This review is split into two parts for a couple of reasons. The first is that it will not be short, and the second is that it seems at present to be a different game depending on your style or level of play.
This first part is about how the game works for casual players who get together with a mate and play with whatever they’ve got. They play for fun and next time they meet they’ll probably use the same or very similar army because that’s what they have. The second part builds on this foundation and is a more in-depth look at specific details that affect more serious players who pore over army lists in detail and will tweak their armies to maximise their effectiveness. This includes tournament players, but is not restricted to them. For example, this is how I generally play.
It’s also perhaps worth me saying that I actually asked Ronnie if I could write the tabletop fantasy game for him, only to be told that Alessio was already writing this. Dwarf King’s Hold came out of that process, and the game I had in mind for Mantic was taken up by someone else and will be out next year. As I have mentioned elsewhere, nothing I design gets wasted. It’s all in a notebook somewhere and its time will come. As both Alessio and I were both writing the games at the same time, unbeknownst to each other, I personally find it intriguing to see which rule conundrums and choices we tackled the same way and where we parted course. I really look forward to reading someone’s comparison review when they’re both available. But back to Kings of War…
Kings of War is an unusual game in that it is not released in a finished form, but as a work in progress that has a predefined timeline. You are very much encouraged to play and comment, and your feedback will be listened to and incorporated where appropriate. You have a real opportunity to take part in the game’s development, which is cool. It is a 3-year plan, but why take my word for it. Here’s Ronnie to tell you all about it:
As this is a review of the 2nd edition I understand that the rules are not yet completely locked down or finished. However, even taking that into account, you need to be able to play something with them and they have had a year to mature already. So, with that at the back of our minds, how do the rules work?
I won’t go through all the rules in detail as you can download a set for yourselves (I’ll link this to the 2010 edition for the moment, and try and remember to change it when the new one comes out in a fortnight). Let’s look at the basics though.
Kings of War is a tabletop fantasy battle game. This means that each player fields a force comprising units of infantry, cavalry and characters from a variety of possible races: Elf, Dwarf, Human, Twilight Kin (Dark Elf), Abyssal Dwarf (sort of Chaos Dwarf), Orcs, Goblins and Undead. In KOW a unit does not take casualties: it is either all present on the table or it is removed completely. It will, however, take damage which will need to be represented with tokens of some sort. This retention of whole units reminds me of the DBA family of games, and allows you to model the whole unit on a single giant base should you choose to.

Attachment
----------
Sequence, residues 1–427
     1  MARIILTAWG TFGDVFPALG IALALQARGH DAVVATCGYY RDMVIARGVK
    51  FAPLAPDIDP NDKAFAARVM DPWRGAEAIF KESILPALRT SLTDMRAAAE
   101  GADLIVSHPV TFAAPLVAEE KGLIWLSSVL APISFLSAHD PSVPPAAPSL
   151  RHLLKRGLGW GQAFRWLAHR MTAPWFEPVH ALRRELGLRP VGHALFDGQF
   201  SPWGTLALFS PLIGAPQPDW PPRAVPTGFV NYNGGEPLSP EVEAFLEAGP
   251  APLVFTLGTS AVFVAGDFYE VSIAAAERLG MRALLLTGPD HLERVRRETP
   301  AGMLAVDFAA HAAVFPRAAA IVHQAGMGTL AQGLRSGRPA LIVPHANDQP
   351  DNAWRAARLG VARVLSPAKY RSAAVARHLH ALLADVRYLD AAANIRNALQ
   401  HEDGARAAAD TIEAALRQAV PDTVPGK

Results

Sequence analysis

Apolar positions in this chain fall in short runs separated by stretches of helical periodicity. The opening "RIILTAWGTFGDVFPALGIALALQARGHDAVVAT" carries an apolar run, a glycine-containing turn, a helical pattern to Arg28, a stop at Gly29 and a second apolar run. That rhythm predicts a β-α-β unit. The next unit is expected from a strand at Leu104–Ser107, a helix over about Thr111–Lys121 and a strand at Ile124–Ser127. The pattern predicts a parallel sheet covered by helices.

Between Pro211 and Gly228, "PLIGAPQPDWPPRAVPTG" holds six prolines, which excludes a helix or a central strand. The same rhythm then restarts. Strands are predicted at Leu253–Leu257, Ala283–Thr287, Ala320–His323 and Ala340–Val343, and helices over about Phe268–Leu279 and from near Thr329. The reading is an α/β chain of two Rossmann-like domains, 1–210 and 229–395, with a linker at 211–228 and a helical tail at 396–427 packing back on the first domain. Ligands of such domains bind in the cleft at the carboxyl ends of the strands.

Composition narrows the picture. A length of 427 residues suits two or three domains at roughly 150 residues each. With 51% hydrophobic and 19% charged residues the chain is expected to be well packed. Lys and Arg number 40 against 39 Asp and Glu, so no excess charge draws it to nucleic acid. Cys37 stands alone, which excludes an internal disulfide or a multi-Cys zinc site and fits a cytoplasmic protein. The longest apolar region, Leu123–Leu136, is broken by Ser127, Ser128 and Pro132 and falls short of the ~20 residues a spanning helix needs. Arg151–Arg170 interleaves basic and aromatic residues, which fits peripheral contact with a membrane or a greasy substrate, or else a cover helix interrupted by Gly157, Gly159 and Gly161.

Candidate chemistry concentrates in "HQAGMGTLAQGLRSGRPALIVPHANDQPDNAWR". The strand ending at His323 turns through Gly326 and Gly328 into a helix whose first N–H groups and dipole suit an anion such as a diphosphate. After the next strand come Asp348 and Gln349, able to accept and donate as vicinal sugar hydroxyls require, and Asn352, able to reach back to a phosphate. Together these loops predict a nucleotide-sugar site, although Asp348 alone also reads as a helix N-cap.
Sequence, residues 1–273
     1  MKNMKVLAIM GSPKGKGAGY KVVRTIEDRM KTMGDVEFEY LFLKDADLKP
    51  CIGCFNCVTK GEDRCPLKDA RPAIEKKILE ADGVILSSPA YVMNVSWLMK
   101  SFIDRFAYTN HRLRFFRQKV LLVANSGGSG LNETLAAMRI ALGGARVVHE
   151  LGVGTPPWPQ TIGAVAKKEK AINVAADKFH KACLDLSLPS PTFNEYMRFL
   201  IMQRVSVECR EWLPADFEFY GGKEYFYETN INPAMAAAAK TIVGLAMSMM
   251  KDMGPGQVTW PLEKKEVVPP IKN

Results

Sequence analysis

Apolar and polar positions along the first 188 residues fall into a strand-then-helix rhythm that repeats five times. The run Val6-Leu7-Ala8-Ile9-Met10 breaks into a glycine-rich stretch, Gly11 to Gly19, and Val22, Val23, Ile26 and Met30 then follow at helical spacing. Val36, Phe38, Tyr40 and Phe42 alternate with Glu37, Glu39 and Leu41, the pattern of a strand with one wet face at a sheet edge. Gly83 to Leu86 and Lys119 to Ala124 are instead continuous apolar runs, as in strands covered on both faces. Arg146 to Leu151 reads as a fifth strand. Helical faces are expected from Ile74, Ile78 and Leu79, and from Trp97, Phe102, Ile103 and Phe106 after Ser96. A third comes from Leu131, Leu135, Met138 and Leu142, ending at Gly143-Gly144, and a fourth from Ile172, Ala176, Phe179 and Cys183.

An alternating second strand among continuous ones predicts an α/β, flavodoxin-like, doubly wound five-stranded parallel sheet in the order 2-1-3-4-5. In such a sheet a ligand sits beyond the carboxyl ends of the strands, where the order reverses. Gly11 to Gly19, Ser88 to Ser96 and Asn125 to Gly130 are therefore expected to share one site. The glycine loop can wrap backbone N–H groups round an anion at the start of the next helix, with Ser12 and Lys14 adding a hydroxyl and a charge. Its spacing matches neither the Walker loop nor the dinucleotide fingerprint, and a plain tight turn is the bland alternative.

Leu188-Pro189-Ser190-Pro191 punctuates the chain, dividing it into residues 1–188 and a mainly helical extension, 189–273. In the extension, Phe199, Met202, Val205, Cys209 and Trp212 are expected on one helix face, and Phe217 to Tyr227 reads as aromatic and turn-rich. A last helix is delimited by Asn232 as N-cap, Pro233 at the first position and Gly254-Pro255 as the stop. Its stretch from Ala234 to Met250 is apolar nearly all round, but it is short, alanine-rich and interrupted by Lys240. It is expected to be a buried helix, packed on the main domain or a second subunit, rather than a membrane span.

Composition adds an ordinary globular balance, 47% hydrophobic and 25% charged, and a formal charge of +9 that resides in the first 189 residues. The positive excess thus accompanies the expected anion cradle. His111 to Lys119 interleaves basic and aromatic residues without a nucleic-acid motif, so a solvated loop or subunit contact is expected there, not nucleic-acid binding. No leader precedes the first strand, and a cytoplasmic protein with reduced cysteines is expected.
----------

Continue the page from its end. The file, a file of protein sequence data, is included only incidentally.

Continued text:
The game is played in turns with a player moving, shooting and fighting with all of his army in his turn. The player turns are entirely separate and I wasn’t the only one who kept reaching for dice when my opponent attacked (so I could roll my saves – many years of conditioning by Warhammer). In KOW the attacker rolls everything. Alessio has said that this is to avoid unscrupulous players wasting time in tournaments where they could deliberately drag their feet when it came to rolling stuff. It does mitigate that particular flavour of naughtiness, though I don’t believe for a second that it will stop cheats cheating. They’ll just move their nasty behaviour elsewhere.
A player turn has three steps: movement, shooting, melee.
Movement rules are pretty straightforward. You can move double, move single and turn or turn in place. Whether you move or not also impacts on shooting effectiveness. This is all pretty standard stuff and is clean and simple, though the fact that distances are sometimes measured from the nearest bit of the unit and sometimes from the champion of a unit could trip up the unwary. Terrain is the familiar half move for difficult, etc.
One particularly important rules here is that you may pre-measure. I’ll deal more with this in the second part, but for now be aware that you cannot, for example, have a failed charge as you can in Warhammer, or declare a shot that cannot reach. You can always check in advance.